More than 100 years since the only surviving public bank was established in North Dakota, the nation's largest state has begun exploring the option. California Treasurer John Chiang — a gubernatorial candidate — and Atty. Gen. Xavier Becerra told reporters last week that they would study how to establish a state-owned bank to service the hundreds of marijuana-related businesses that have had difficulty securing reliable financial services because of federal anti-drug laws.
This would be a tremendous step forward and also a tremendous missed opportunity.
The burgeoning legal marijuana industry cannot rely on traditional financial services. Because marijuana remains a Schedule I drug at the federal level, banks with federal charters or access to the Federal Reserve's payment system technically violate the law when they process transactions with proceeds from pot sales.
Many pot businesses therefore operate solely in cash, making perfunctory transactions unwieldy (imagine using a Brinks truck to pay your taxes) and raising the threat of crime. Those that find banking services often do so under false pretenses, or after paying thousands of dollars to cover criminal background checks and financial audits.
A public bank capitalized by the state of California could solve the problem. If the state, rather than the Federal Deposit Insurance Corp., insured all deposits, and state bank examiners rather than the federal government conducted oversight, the bank would sit outside the federal perimeter and thus not be bound, potentially, by federal controlled substance laws.
Processing payments without access to the Federal Reserve system would seem to be a hurdle, but a Colorado credit union that caters to the pot industry recently got Fed access after successfully suing for the privilege.
It's certainly worth fighting this battle on behalf of thousands of California residents who want to thrive in a state-approved industry.
But a public bank could do so much more than hold deposits for a handful of entrepreneurs. At a time when California has so many pressing needs, from transportation to water delivery, a public bank could help stretch scarce dollars and rebuild the state.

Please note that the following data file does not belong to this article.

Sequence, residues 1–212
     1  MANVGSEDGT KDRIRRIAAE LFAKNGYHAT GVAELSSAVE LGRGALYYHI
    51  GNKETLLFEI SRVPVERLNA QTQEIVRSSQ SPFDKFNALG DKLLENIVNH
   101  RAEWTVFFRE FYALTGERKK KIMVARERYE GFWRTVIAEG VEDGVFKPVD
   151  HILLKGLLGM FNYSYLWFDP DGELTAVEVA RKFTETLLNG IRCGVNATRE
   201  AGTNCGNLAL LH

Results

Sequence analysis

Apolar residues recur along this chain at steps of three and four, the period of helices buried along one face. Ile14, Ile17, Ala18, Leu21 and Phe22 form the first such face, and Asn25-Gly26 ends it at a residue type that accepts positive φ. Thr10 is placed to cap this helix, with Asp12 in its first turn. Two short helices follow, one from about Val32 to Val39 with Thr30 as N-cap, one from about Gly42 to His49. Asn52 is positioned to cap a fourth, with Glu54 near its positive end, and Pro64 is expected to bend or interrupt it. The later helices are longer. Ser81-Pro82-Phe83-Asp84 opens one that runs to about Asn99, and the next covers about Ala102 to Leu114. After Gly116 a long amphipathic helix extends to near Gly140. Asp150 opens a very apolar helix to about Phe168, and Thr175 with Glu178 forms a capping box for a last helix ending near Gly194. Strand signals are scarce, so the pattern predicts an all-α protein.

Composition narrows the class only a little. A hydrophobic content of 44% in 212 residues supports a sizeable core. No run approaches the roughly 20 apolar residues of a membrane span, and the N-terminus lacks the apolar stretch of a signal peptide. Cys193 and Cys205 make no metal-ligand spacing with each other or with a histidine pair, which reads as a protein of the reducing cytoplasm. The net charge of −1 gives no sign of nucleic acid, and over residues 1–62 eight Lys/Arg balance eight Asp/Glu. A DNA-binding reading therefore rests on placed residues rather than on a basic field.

Opening up a public bank to the state's cash reserves would add significant capital. California's Pooled Money Investment Account, an agglomeration of state and local revenues, hit $74.3 billion at the end of last year. It earns a little bit over 1% in its low-risk investments.
Instead of having this money sit around, a public bank could use it as a deposit base to finance large-scale infrastructure projects. California has no shortage of needs in this department. The promised high-speed rail network requires billions more dollars and additional cost controls. The scaled-back Delta tunnel project was a casualty of a lack of funds. President Trump's infrastructure proposal relies on states to raise their own money, so stretching state dollars becomes even more paramount.
A public bank can reduce costs in two ways. First, it can offer lower interest rates and fees because it's not a for-profit business trying to maximize returns. (Around half of the total cost of an infrastructure project comes from debt-based financing.) Second, any profit flows back to the state, providing governments with extra revenue. Our tax dollars can be applied locally, not parked in Wall Street banks that deploy the money wherever they want, and toward practices that don't necessarily match our interests.
A public bank could also be tasked with lending money to support critical public needs. Ethical developers have trouble financing affordable housing, and nonprofit entrepreneurs have trouble securing small business loans; a California public bank could operate as a lifeline.
The existing public bank in North Dakota makes loans for economic development, including infrastructure, agriculture and student loans. The loans are more affordable than the bond market, and the bank has earned record profits for 13 straight years, reaching $136 million in 2016. Over the last decade, hundreds of millions of dollars in Bank of North Dakota earnings have been transferred to the state.
New Jersey, under its new governor, Phil Murphy, is flirting with the model. And cities including Oakland, Philadelphia and Santa Fe, N.M., have toyed with the idea as well. Adding the nation's largest state to the roster would bolster this simple yet rewarding concept.
Using a California public bank as a vault just for marijuana businesses sells the concept way too short. A true public bank could seriously reduce the cost of infrastructure needs, and decrease the state's reliance on dodgy financial giants.
I'm glad Chiang and Becerra are reversing the great error Gov. Jerry Brown made in 2011, vetoing a feasibility study for a public bank. But they should recognize how much more powerful it could be than just a means to letting people pay for weed with an ATM card.
David Dayen is a contributing writer to Opinion.